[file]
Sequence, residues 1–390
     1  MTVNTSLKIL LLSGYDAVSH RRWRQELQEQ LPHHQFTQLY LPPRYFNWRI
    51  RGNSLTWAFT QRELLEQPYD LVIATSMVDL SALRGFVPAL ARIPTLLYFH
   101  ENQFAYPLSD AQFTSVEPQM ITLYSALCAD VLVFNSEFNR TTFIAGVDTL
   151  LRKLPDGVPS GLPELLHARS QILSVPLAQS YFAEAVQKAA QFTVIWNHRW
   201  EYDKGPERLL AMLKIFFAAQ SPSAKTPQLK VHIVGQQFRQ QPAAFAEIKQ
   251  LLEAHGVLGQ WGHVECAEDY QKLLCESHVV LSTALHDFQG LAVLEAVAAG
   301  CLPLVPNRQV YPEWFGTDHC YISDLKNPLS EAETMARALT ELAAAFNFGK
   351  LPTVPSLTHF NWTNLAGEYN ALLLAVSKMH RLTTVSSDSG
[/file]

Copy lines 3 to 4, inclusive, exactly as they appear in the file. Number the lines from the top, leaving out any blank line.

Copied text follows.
    51  RGNSLTWAFT QRELLEQPYD LVIATSMVDL SALRGFVPAL ARIPTLLYFH
   101  ENQFAYPLSD AQFTSVEPQM ITLYSALCAD VLVFNSEFNR TTFIAGVDTL